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Magnetic Pin Bowl Tutorial

Make a diy magnetic pin bowl with this easy clay tutorial. Perfect diy gift for a sewing lover, no one will believe it is handmade!

I’m so excited to share how I made this magnetic pin bowl, it turned out just as I’d hoped! My mom gave me my first magnetic pin bowl this past Christmas and I’ve really been loving it. I’m in a group of bloggers all creating a craft with the same theme each month, and I was stumped on how to connect clay with what I normally make and enjoy (I attempted buttons and labels, as well). This diy magnetic pin dish will help keep your sewing room organized and it’s way easier to throw a pin in a dish than stick it in a pillow, although I still love sewing pincushions (like this embroidered snowflake one!).

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These were heavily inspired by the tutorial over at A Beautiful Mess for marbled jewelry dishes.

Make a diy magnetic pin bowl with this easy clay tutorial. Perfect diy gift for a sewing lover, no one will believe it is handmade!

I went with silver leaf around the edges and a clear, glossy glaze, and it reminds me of an agate. These are some of my favorite colors; you could easily use earth tones or cool colors for a completely different look.how-to-make-a-pin-dish-for-sewing

I was really nervous after all that work, that the magnets wouldn’t work through the clay, but they did! Perfect if you have two tiny tornado children who knock everything over.

If you’d like to make your own, I’m sharing the tutorial below. It’s a little supply heavy, but I have plans to make some ornaments with the rest of my clay. I was just sifting through my ‘sentimental’ box and found an ornament that I made and painted, of our family dog growing up. I’m so excited to have renewed my love of clay!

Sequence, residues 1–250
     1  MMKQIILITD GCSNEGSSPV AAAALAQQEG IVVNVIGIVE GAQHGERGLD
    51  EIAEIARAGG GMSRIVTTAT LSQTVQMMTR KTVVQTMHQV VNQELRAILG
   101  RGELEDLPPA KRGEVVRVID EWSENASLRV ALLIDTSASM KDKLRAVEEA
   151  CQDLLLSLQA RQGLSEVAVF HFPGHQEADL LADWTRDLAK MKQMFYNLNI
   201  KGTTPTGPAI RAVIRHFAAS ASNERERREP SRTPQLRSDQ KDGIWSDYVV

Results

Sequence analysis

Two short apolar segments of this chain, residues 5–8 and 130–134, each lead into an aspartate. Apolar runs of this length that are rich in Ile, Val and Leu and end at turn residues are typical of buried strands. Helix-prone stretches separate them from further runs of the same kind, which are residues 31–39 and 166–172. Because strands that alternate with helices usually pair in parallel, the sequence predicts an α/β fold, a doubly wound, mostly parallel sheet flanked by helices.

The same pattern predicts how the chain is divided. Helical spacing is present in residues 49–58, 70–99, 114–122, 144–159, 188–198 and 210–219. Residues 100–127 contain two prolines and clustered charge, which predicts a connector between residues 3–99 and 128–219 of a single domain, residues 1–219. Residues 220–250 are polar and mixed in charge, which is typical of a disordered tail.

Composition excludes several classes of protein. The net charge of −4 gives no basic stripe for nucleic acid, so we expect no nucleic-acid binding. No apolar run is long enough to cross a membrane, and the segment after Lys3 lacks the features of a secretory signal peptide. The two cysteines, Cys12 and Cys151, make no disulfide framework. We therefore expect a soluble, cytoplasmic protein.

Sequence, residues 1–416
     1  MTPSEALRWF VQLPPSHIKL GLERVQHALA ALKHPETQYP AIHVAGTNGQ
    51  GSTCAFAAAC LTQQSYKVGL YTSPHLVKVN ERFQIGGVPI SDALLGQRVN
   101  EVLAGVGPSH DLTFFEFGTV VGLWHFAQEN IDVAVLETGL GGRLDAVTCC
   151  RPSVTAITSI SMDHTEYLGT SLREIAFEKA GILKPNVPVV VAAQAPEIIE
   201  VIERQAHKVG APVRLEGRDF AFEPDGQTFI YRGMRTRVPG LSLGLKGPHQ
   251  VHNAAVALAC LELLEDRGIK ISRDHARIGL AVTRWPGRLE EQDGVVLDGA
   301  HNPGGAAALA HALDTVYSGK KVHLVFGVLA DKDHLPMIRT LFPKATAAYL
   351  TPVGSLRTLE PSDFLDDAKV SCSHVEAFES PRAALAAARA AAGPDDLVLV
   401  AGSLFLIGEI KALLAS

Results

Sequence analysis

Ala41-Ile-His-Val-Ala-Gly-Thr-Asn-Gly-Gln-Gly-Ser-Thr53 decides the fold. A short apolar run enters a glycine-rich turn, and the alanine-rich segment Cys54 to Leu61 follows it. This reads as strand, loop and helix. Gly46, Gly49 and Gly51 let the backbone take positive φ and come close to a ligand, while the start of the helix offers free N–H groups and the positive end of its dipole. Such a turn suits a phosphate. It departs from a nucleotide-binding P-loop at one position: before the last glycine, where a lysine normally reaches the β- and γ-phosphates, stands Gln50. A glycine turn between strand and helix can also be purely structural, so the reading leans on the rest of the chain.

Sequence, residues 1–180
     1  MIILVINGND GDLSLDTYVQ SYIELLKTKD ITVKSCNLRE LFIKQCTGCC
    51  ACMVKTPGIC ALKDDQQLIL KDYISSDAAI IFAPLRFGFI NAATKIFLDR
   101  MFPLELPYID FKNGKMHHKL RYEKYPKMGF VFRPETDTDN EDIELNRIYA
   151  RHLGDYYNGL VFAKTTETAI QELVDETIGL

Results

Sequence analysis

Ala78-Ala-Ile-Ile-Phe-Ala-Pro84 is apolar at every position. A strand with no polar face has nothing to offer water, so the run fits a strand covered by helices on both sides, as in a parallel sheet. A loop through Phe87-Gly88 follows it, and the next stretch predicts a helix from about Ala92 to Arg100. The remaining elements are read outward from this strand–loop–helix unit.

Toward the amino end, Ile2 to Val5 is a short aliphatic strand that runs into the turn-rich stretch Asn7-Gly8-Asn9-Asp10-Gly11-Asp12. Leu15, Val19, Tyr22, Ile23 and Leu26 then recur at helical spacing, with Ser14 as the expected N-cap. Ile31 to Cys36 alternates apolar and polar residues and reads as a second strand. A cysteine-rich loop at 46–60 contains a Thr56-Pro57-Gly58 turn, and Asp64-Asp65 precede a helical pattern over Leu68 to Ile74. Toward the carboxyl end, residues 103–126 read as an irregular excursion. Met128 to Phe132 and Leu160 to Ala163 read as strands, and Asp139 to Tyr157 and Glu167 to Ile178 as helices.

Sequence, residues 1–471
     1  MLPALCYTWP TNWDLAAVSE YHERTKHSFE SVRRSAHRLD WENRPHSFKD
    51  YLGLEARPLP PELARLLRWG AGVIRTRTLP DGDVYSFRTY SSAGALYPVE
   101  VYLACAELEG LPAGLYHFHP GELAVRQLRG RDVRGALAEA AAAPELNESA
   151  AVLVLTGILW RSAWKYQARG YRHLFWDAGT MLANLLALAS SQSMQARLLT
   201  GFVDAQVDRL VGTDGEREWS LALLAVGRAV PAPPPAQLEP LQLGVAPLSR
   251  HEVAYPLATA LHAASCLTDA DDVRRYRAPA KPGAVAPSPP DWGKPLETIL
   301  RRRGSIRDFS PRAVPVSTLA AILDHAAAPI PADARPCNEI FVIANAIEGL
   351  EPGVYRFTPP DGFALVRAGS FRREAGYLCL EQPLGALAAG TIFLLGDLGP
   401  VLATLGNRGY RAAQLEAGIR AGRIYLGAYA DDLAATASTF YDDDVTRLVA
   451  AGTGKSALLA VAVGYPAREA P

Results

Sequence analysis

Supplies

  • Circular cookie cutter* (you can alternately trace something or use a glass and razor) – mine is 4″
  • Clay* – you can see how much I used below for each bowl, so roughly one small block of each color and two small blocks of white (although I bought this bulk white*)
  • Clay glaze* (optional)
  • Acrylic roller* (you can also use a larger plastic glass!)
  • Small, strong magnets like these* (please be super super careful with them if you have kids around, if swallowed they can be fatal)
  • E6000 glue* or comparable strong adhesive
  • Oven
  • Baking sheet/pan
  • Parchment paper
  • Silver leaf paint – I used a pen like this* which was really handy (optional)
  • Small, oven-safe dish

Steps

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Step 1 – Break off your pieces of clay. You can see the proportions I used above, mix at your pleasure. Work the clay around to condition it until it’s no longer crumbly. twist-of-neon-clay

Step 2- roll each piece of clay into a snake and twirl them together.

how-to-easily-mix-clay